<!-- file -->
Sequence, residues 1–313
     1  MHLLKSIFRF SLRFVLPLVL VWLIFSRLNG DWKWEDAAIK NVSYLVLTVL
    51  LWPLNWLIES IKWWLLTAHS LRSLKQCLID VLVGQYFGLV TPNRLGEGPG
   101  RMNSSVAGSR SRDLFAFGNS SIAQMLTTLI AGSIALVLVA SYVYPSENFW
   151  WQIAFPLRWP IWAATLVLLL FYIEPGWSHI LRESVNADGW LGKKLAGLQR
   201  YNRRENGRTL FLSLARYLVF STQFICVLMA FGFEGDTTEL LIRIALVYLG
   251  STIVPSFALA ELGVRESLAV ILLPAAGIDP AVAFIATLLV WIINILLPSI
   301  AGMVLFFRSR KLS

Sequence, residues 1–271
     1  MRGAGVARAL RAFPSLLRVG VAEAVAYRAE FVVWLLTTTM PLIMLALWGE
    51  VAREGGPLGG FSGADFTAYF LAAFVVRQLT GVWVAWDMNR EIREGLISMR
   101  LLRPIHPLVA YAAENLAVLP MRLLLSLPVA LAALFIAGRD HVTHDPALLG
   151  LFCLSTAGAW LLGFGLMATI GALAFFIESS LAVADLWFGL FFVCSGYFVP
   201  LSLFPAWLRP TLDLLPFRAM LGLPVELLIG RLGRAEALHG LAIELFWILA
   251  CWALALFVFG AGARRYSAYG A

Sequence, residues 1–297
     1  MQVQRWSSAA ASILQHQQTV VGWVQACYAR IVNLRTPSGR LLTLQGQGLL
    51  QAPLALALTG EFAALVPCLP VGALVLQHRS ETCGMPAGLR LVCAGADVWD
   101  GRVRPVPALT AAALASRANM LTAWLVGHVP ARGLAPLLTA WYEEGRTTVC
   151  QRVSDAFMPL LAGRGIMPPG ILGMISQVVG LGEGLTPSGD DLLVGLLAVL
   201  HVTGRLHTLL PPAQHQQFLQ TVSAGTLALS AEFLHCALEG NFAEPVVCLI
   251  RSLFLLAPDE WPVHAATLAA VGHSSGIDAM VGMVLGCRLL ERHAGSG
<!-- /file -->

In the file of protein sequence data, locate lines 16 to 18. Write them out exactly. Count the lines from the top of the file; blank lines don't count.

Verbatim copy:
Sequence, residues 1–297
     1  MQVQRWSSAA ASILQHQQTV VGWVQACYAR IVNLRTPSGR LLTLQGQGLL
    51  QAPLALALTG EFAALVPCLP VGALVLQHRS ETCGMPAGLR LVCAGADVWD